Mastodons were large mammals that were related to the modern elephant. Mastodons roamed the forest of North and Central America until they became extinct about 10,000 to 11,000 years ago. Their extinction is believed to have come about due to a rapid change in climate.

78 Lapis ___, blue gem pulverized for paint during the Renaissance : LAZULI

Lapis lazuli is a blue, semi-precious stone mined mainly in Afghanistan. “Lapis Lazuli” is Latin for “stone of Lazhward”, referring to the Persian name for the location where the stone was mined. Our word “azure”, a shade of blue, has the same root.

80 “Arabian Nights” prince : AHMED

In the “Arabian Nights”, Prince Ahmed is noted for having a magic tent which would grow larger to shelter an army, and then grow small again so that it could fit into a pocket.

81 1950s school dance : HOP

Sock hops were high school dances typically held in the school gym or cafeteria. The term “sock hop” arose because the dancers were often required to remove their shoes to protect the varnished floor in the gym.

84 Texter’s “To me …” : IMO …

In my opinion (IMO)

87 Operator of the Texas Eagle and Southwest Chief : AMTRAK

“Amtrak” is the name used commercially by the National Railroad Passenger Corporation. It comes from a melding of the words “America” and “track”.

95 Some low-risk government issues, informally : T-BONDS

A Treasury note (T-note) is a government debt that matures in 1-10 years. A T-note has a coupon (interest) payment made every six months. The T-note is purchased at a discount to face value, and at the date of maturity can be redeemed at that face value. A Treasury bill (T-bill) is a similar financial vehicle, but it matures in one year or less, and a T-bond matures in 20-30 years.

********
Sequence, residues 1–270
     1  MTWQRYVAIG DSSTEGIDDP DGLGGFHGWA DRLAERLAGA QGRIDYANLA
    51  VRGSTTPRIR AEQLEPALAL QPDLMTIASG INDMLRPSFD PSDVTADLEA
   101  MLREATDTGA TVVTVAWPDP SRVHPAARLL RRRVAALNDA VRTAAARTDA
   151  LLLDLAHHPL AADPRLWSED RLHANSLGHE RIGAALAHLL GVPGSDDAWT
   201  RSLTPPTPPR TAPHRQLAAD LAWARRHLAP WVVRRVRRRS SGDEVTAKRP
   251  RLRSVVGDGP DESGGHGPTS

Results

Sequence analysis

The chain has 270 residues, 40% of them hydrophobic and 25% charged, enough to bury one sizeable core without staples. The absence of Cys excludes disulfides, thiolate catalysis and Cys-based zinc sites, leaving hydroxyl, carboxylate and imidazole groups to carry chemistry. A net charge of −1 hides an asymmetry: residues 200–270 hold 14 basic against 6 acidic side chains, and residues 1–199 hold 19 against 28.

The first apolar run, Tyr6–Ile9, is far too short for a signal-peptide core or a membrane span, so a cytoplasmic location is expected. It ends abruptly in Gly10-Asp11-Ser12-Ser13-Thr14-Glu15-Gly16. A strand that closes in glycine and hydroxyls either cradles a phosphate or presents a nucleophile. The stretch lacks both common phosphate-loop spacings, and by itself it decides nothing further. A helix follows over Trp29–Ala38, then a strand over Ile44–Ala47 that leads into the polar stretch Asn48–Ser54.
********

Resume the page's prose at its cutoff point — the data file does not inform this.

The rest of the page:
96 Take for ___ (bamboozle) : A RIDE

It’s thought that the lovely word “bamboozle” came into English from the Scottish “bombaze” meaning “perplex”. We’ve been using “bamboozle” since the very early 1700s.

97 Natalie with 12 Top 40 hits : COLE

Natalie Cole is the daughter of Nat King Cole. Natalie’s mother was Maria Cole, a singer with the Duke Ellington Orchestra. The most famous version of the hit song “Unforgettable” was released in 1951 by Nat King Cole. In 1991, Natalie Cole recorded a version that was mixed with an earlier 1961 version sung by her father, creating an “unforgettable” father-daughter duet that was made 26 years after Nat King Cole had passed away.

102 California’s San ___ County : MATEO

The San Francisco Bay Area comprises the nine counties that impinge on the San Francisco Bay itself: Alameda, Contra Costa, Marin, Napa, San Francisco, San Mateo, Santa Clara, Solano and Sonoma. The region also includes the major cities of San Jose, San Francisco and Oakland.

108 Lowly deckhand : SWAB

“Swabbie” (also “swabby, swab, swabber”) is a slang term meaning “sailor” that we’ve been using since the late 1700s. A swab was originally a member of the crew assigned to the swabbing (mopping) of the ship’s decks.

113 Bitter brew, in brief : IPA